Forests of Manipur are rich in biological & genetic diversity, and are reported to possess about 2192 species of plants belonging to over 213 families, out of which about 523 plant species are reported as ethno botanically important. This rich flora and fauna of the state forest might be at risk under the long term projection of variability of the climate on temporal and spatial scales or deforestation due to natural or anthropogenic pressure. As per the analysis carried out by Indian Network for Climate Change Assessment (INCCA) about 8% of (or 6 out of 73) forested grids are projected to undergo changes under the projected climate change scenario with possibilities of shifting forest boundaries in the region. Even under the projected scenario the state forest profile is concluded to be comparatively least vulnerable as compared to other north eastern states.
The Forest of Manipur is distributed in different altitudes upto 3000 msl and belongs to 5 (five) types of forest groups (ISFR 2011, FSI, Govt. of India) as,
i. Tropical Semi – evergreen Forests (24.82 % of total state forest);
ii. Tropical Moist Deciduous Forests (3.05 % of the state forest);
iii. Subtropical Broadleaved Hill Forests (52.94%of the state forest);
iv. Subtropical Pine Forests (8.4 % of the state forest); and
v. Montane Wet Temperate Forest (10.46 % of the state forest).
Impact of climate Change
INCCA reported that the climate change is likely to have multiple effects on individuals, species and ecosystem due to increase in surface temperature and changes in rainfall pattern. The Indian Institute of Sciences (IISc), Banglore has projected that there will be no change in the forest types of Manipur for the short term period of 2030s, but districts like Bishnupur, Churachandpur, Senapati, Imphal East, Tamenglong and Chandel are likely to have high composite forest vulnerability index. The forests ecosystem might be vulnerable on account of the altitudinal and latitudinal shift of the species of the forest ecosystems and also on account of increased occurrences of fire, pests/diseases, invasive species, change in species assemblage/forest type, forest die-back and loss of biodiversity.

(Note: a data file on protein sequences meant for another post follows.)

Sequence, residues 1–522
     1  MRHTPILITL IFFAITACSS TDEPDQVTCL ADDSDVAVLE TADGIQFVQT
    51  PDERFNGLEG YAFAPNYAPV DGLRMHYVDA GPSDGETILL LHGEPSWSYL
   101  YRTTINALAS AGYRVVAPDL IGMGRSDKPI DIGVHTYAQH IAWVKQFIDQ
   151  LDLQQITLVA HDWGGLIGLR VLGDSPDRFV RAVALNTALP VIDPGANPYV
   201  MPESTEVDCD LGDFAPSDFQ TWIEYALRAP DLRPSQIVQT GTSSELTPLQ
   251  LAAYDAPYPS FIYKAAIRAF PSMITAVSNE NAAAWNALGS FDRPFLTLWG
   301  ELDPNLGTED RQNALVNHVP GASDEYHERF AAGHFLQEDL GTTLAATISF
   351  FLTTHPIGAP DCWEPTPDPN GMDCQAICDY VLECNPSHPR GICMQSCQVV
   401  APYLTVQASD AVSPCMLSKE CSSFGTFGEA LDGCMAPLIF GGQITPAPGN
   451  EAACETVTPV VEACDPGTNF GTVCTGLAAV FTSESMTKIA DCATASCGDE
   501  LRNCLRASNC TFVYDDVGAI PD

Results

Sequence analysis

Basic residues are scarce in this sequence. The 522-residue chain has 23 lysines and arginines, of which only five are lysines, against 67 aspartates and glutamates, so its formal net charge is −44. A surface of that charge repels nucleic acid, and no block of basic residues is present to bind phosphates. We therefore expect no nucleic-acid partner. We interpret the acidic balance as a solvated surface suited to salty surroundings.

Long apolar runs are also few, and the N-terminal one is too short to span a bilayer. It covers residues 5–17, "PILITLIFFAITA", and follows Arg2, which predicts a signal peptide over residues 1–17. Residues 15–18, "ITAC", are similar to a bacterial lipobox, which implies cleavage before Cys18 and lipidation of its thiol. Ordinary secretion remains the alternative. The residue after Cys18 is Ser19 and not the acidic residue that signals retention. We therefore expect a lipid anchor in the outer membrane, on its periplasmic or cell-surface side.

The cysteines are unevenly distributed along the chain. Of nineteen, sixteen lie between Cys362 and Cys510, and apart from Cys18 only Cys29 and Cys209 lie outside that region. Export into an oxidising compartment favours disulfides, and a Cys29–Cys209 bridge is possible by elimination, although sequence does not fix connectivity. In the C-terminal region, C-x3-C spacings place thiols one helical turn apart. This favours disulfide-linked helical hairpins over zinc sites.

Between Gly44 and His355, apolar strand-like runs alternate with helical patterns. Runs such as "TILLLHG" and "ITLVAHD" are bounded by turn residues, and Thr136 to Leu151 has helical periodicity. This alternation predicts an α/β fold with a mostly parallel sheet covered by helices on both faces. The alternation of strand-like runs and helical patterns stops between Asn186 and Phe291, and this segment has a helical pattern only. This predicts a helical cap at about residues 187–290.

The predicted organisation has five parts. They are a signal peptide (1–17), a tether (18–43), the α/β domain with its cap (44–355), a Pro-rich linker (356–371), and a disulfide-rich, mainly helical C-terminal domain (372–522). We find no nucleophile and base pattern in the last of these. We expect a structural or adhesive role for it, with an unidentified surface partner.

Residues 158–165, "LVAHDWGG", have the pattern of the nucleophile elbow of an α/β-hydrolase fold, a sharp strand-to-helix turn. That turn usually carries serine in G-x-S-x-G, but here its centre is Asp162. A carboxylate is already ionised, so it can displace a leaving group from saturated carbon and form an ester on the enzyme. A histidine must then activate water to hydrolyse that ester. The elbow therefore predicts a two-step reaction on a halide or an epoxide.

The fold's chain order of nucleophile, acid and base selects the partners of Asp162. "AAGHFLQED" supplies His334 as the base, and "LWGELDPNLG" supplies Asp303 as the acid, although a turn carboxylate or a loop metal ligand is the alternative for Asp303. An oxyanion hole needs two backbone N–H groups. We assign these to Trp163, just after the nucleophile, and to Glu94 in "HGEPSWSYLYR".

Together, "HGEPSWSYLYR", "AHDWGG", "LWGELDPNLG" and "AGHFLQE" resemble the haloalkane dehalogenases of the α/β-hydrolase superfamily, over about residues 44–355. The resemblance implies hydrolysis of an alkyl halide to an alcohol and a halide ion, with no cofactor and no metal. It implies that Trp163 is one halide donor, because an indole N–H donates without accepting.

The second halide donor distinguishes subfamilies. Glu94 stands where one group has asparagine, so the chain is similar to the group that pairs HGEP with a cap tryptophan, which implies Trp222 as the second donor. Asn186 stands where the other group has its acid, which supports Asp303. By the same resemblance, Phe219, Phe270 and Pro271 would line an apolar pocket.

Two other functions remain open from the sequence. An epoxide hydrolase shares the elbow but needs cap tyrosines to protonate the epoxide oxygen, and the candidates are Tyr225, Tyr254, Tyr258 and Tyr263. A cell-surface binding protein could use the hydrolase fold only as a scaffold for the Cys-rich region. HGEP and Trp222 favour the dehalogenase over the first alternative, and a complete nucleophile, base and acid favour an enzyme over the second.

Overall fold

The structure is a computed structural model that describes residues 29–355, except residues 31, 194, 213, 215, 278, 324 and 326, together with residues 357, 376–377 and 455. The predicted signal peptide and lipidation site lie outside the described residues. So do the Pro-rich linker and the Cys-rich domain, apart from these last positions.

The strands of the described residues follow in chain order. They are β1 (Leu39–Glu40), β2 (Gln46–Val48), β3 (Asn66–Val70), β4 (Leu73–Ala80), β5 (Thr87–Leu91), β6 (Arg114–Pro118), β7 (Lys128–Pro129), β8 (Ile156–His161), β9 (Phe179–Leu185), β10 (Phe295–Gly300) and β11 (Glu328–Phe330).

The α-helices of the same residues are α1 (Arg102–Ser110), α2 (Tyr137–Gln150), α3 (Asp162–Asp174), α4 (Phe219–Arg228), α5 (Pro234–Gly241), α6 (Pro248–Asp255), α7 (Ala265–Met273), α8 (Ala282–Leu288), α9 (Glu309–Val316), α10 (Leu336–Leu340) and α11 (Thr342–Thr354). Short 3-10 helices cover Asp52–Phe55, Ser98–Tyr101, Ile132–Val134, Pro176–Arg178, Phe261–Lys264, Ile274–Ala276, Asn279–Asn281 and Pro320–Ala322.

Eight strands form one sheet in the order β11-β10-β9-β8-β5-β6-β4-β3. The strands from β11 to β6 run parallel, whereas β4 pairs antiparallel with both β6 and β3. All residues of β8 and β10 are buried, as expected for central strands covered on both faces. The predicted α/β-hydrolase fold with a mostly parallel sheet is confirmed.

The anthropogenic pressure on the forests of Manipur cannot be ignored. The swelling population, demographic resettlements, developmental projects, consumerism, illicit felling together with the pernicious practice of shifting cultivation are likely to pose a serious threat to the conservation of this invaluable resource. Even though the forest types of Manipur are not likely to be impacted much by the climate change under A1B scenario through 2030s, the forests could be vulnerable to other factors such as forest fragmentation, forest degradation and forest conversion etc.